Power/Performance Bits: March 25

Stanford researchers invent a process to ‘dope’ carbon filaments with an additive to improve their electronic performance meant to pave the way for bendable digital devices; University of Toronto scientists open a new window into quantum physics with superconductivity in LEDs.

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Making flexible carbon nanotube circuits more reliable and efficient
Engineers would love to create flexible electronic devices, such as e-readers that could be folded to fit into a pocket with one such approach involving designing circuits based on electronic fibers known as carbon nanotubes (CNTs) instead of rigid silicon chips — but reliability is essential.

Given that most silicon chips are based on a type of circuit design that allows them to function flawlessly even when the device experiences power fluctuations, at the same time it is much more challenging to do so with CNT circuits.

However, researchers at Stanford have developed a process to create flexible chips that can tolerate power fluctuations in much the same way as silicon circuitry.

Zhenan Bao, a professor of chemical engineering at Stanford said this is the first time anyone has designed flexible CNT circuits that have both high immunity to electrical noise and low power consumption.

 Stanford engineers have developed an improved process for making flexible circuits that use carbon nanotube transistors, a development that paves the way for a new generation of bendable electronic devices. (Source: Bao Lab / Stanford Engineering)

Stanford engineers have developed an improved process for making flexible circuits that use carbon nanotube transistors, a development that paves the way for a new generation of bendable electronic devices. (Source: Bao Lab / Stanford Engineering)

In principle, the researchers said CNTs should be ideal for making flexible electronic circuitry as these ultra-thin carbon filaments have the physical strength to take the wear and tear of bending and the electrical conductivity to perform any electronic task. But until this recent work from the Stanford team, flexible CNT circuits didn’t have the reliability and power-efficiency of rigid silicon chips. Over time, electricity can travel through semiconductors in two different ways: It can jump from positive hole to positive hole, or it can push through a bunch of negative electrons like a beaded necklace. The first type of semiconductor is called a P-type and the second an N-type. Most importantly, the researchers discovered that circuits based on a combination of P-type and N-type transistors perform reliably even when power fluctuations occur, and they also consume much less power. This type of circuit with both P-type and N-type transistors is called a complementary circuit.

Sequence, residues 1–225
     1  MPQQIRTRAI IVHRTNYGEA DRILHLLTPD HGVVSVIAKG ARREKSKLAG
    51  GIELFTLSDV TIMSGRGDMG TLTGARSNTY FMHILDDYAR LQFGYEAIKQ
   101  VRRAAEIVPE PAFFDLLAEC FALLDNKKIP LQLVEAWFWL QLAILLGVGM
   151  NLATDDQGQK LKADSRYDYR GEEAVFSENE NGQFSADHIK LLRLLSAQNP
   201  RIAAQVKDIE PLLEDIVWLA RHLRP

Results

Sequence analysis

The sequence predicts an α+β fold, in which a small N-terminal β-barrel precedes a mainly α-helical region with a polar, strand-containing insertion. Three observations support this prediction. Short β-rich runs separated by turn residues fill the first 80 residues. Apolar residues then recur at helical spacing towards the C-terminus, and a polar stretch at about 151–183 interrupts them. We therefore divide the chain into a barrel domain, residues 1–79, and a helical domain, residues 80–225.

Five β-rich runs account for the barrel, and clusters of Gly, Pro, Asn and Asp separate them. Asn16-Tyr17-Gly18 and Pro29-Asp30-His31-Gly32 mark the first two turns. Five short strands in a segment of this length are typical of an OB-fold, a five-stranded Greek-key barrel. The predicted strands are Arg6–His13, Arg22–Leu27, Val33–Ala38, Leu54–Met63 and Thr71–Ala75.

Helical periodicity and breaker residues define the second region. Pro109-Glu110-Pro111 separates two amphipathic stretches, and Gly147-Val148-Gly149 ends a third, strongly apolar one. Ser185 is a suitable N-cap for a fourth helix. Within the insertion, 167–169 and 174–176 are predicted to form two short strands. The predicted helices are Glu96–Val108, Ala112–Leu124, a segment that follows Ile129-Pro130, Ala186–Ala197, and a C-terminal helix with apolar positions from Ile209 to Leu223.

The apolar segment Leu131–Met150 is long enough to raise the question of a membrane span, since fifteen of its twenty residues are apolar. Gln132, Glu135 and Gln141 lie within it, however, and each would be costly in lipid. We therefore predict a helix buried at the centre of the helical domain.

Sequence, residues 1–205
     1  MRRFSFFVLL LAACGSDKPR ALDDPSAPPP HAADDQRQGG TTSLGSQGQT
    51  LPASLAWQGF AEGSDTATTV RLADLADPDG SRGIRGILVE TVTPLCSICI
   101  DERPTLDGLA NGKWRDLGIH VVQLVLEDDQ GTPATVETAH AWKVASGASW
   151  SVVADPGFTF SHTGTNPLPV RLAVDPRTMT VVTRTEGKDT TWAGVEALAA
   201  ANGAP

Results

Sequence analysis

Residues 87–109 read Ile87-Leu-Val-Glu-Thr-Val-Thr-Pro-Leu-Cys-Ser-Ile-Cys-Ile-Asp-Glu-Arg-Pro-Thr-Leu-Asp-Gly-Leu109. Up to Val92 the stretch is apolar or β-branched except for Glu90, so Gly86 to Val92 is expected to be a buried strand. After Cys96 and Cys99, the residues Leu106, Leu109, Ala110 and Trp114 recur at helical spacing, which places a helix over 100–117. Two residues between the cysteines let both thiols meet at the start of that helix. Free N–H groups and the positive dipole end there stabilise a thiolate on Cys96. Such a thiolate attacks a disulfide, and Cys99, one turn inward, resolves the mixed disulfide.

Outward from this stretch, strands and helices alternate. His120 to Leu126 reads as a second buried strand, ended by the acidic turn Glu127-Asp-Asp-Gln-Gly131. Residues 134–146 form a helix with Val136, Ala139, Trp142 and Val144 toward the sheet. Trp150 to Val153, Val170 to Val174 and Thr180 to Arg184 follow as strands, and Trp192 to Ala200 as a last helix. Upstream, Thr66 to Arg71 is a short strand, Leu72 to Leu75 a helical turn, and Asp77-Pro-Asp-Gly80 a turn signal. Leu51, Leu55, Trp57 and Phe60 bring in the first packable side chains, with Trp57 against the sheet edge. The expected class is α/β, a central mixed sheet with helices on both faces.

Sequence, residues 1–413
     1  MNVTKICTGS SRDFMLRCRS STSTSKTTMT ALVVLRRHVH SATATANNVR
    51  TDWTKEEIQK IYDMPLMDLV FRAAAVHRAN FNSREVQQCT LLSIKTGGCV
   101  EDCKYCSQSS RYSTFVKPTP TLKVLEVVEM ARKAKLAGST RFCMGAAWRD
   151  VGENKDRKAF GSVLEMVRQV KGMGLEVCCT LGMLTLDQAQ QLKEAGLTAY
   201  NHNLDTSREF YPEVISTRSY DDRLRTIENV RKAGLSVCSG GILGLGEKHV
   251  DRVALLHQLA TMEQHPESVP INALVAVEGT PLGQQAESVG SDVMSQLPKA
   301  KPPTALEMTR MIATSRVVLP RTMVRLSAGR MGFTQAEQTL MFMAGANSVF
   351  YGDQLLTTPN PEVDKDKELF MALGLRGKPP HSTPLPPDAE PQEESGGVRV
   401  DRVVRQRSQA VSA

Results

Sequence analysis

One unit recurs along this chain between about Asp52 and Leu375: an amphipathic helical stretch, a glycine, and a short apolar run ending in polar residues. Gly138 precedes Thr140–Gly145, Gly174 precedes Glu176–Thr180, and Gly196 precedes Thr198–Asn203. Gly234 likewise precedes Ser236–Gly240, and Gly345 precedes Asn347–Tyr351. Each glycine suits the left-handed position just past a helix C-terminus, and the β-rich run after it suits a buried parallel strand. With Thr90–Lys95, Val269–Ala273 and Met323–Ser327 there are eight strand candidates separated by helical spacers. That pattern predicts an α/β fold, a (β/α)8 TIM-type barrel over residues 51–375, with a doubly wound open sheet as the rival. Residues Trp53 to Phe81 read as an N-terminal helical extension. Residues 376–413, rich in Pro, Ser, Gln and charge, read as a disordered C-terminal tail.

The ideal blend of conductive pathways is created by changing the atomic structure of silicon through the addition of minute amounts of useful substances in a process called doping.

The Stanford engineers overcame this challenge by treating CNTs with a chemical dopant they developed known as DMBI. They used an inkjet printer to deposit this substance in precise locations on the circuit. This marked the first time any flexible CNT circuit had been doped to create a P-N blend that can operate reliably despite power fluctuations and with low power consumption.

Although other engineers have previously doped rigid CNTs to create this immunity to electrical noise, the precise and finely tuned Stanford process out-performs these prior efforts, suggesting that it could be useful for both flexible and rigid CNT circuitry.

Novel approach could pave way for new quantum devices
With the potential to open up a spectrum of new physics as well as devices for quantum technologies, including quantum computers and quantum communication, a team of University of Toronto physicists has proposed a novel and efficient way to leverage the strange quantum physics phenomenon known as entanglement.

The approach would involve combining light-emitting diodes (LEDs) with a superconductor to generate entangled photons. Entanglement occurs when particles become correlated in pairs to predictably interact with each other regardless of how far apart they are. Measure the properties of one member of the entangled pair and you instantly know the properties of the other, the researchers noted. It is one of the most perplexing aspects of quantum mechanics, leading Einstein to call it “spooky action at a distance.”

A usual light source such as an LED emits photons randomly without any correlations and the researchers say they’ve proved that generating entanglement between photons emitted from an LED can be achieved by adding another peculiar physical effect of superconductivity – a resistance-free electrical current in certain materials at low temperatures. This effect occurs when electrons are entangled in Cooper pairs – a phenomenon in which when one electron spins one way, the other will spin in the opposite direction. When a layer of such superconducting material is placed in close contact with a semiconductor LED structure, Cooper pairs are injected in to the LED, so that pairs of entangled electrons create entangled pairs of photons. The effect, however, turns out to work only in LEDs which use nanometer-thick active regions – quantum wells.

Typically quantum properties show up on very small scales – an electron or an atom. Superconductivity allows quantum effects to show up on large scales – an electrical component or a whole circuit. This quantum behavior can significantly enhance light emission in general, and entangled photon emission in particular, the researchers concluded.